It is no secret that Ben McAdoo is a West Coast guy who was the quarterbacks coach for the Green Bay Packers in his previous job. The West Coast offense is one of those little terms that gets a lot of talk but many fans have no clue what its all truly about. As a West Coast guy, I will give you a quick clinic on it.
This style of offense is beautifully simple. The goal is to stretch the field horizontally instead of vertically. This makes the defense defend the entire width of the field. When defenders get cocky and begin to jump the short routes, that’s when Eli Manning will burn the defense deep.
The West Coast offense is generally thought of as the brain child of the late and great Bill Walsh, but many versions of it have originated from great coaches like Don Coryell and Bud Grant. It was conceived out of necessity.
Dec 20, 2014; Santa Clara, CA, USA; General view of statues of former San Francisco 49ers quarterbackJoe Montana
(left) and coach Bill Walsh at the 49ers museum before the game against the San Diego Chargers at Levi
When Walsh was the offensive coordinator of the Cincinnati Bengals he had Virgil Carter as his quarterback. He was an accurate passer but he did not have the greatest arm.
Walsh did not think he was revolutionizing football at the time, he just was doing what it took to win with Carter under center. A huge coaching tactic that is used over and over is the idea of using the strengths of players over plays.
The 46 bear defense put a choke hold on offensive football in the 1980’s. The quick passing of the West Coast attack was a new way to beat run oriented defenses. When you load the tackle box to stop the run or to rush the passer, you often create 1 on 1 match ups with receivers. This made the quick slant the signature play of this offensive mindset. Why run into a wall when you can pass your way around it?
The passing routes in the West Coast offense work in perfect harmony with the quarterback’s drop back from center. If the quarterback throws a quick slant, a pass that uses a 3 step drop back the receiver should take about six strides to be in position. If the quarterback throws a deep post on a7 step drop, the receiver will have taken about 14 strides before he gets the football. You get the basic idea, its just simple arithmetic.
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The West Coast offense often includes the running back as a receiving option. There are several reasons for this. The quick passing relieves much of the need to keep the back in for pass protection. Secondly, the running back is another option in the passing game that stretches the defense out the way it simply does not want to stretch.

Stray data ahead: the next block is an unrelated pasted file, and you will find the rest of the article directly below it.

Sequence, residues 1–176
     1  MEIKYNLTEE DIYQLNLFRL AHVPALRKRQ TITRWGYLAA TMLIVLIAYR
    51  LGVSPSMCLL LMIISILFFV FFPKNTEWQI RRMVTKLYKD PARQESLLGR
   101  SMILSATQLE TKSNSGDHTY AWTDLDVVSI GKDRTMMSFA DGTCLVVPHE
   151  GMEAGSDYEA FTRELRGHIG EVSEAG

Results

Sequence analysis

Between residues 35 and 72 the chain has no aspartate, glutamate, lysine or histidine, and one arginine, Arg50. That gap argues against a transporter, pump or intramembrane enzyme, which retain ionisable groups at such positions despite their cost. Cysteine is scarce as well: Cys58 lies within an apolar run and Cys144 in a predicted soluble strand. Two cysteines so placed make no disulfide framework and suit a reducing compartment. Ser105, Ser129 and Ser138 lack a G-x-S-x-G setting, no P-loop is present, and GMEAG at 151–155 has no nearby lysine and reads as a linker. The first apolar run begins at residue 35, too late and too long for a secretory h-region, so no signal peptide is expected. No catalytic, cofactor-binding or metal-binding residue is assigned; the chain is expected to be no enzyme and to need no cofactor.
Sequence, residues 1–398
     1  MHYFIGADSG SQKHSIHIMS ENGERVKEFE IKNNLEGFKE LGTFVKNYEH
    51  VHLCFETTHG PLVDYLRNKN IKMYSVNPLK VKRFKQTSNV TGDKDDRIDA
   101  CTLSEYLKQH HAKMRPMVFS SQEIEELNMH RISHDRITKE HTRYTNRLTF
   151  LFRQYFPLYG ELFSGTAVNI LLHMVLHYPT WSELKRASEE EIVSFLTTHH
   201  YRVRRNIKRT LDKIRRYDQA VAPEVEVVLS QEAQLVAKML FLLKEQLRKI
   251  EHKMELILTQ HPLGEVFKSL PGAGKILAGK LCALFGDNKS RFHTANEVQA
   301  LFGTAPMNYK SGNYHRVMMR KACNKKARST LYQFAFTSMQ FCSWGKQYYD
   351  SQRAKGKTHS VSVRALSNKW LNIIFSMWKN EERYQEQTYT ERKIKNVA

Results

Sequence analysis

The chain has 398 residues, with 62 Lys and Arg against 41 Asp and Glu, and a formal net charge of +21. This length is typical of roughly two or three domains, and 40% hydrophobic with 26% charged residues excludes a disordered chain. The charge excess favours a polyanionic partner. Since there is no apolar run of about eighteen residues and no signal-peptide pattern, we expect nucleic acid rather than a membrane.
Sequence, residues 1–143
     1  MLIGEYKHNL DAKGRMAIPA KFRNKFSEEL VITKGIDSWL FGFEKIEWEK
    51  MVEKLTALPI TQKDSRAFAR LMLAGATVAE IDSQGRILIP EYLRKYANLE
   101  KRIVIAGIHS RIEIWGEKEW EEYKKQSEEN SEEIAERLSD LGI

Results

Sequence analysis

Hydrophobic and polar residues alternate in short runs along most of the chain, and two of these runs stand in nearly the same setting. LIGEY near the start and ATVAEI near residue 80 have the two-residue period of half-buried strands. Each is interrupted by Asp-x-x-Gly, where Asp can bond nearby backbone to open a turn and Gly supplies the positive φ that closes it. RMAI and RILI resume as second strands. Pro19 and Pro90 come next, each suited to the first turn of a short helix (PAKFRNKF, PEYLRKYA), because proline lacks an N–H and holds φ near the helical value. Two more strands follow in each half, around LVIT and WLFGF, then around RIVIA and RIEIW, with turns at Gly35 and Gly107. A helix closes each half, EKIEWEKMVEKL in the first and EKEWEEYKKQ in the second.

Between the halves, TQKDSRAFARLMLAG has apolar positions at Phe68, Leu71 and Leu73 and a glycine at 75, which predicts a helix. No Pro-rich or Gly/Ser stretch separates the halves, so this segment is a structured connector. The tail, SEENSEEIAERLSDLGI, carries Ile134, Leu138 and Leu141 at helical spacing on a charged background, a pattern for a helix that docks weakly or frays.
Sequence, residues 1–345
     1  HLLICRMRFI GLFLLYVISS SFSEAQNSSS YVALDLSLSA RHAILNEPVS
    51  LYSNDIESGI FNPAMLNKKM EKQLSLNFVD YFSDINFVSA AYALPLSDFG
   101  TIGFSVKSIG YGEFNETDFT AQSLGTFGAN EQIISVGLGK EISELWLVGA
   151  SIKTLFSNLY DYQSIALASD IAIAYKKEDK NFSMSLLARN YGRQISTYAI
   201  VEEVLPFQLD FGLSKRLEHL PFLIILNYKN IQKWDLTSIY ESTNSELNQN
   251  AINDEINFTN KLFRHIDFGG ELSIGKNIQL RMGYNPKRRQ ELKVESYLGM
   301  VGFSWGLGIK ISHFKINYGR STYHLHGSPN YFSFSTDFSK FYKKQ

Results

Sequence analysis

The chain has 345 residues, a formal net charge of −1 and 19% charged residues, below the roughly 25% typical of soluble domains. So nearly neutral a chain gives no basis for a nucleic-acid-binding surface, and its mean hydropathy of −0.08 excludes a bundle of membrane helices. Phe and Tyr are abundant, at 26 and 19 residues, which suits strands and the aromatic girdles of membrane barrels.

A key concept in the West Coast system is a Texas route. The running back runs diagonally out towards the offensive tackle than cuts sharply into the middle of the field.
The linebacker responsible for the back runs out with the quicker running back. The running back now has leverage and a step or two on the linebacker for an easy completion. The Texas route is often run with a tight end out route, creating conflict for linebackers in coverage.
The idea of scripting the beginning plays of a game may not be exclusive to the West Coast offense, but it is a principle. There are a couple of reasons why this is so important. Firstly this style of offense is so predicated on timing and execution; the receivers have to be where they are supposed to be when they are supposed to be. The offense needs to get clicking right away.
The next part of the scripting plays component is that the play caller wants to gather information on how the defense is going to play them. The offense might shuffle personnel packages on the field to get a feel for how the defense prepared for each unit.
The play caller may also want to set up plays for later. If they hit a few slants early in the game then it could open the door for a big play off the Sluggo-Seam route combination. A sluggo is a slant and go, the receiver runs a slant and when the defensive back jumps on it he turns up field for deep. The seam route goes well with it because it puts so much pressure on the safeties.
The West Coast offense is just a collection of concepts that have been found to work well together. It is not overly complicated its just a type of offense. Its a type of offense that works and that most every team integrates parts of it into their game planning. It essentially boils down to taking what the defense will give you.
Dec 14, 2014; East Rutherford, NJ, USA; New York Giants offensive coordinator Ben McAdoo before a game against the Washington Redskins at MetLife Stadium. Mandatory Credit: Brad Penner-USA TODAY Sports
McAdoo comes from the Mike McCarthy’s Packers. It’s an offense that is engrained into his play calling DNA. This does not mean that he is some rocket scientist, it just means that he is well schooled in the concepts of it to the point of execution.
So here is the deal, the next time you’re in the bar and some liquid courage aided guy starts bad mouthing McAdoo simply because of one play in one game, you know what to do.
You simply explain to him what he is doing and why he is doing it. Its an offense that has been tested and developed over generations of football.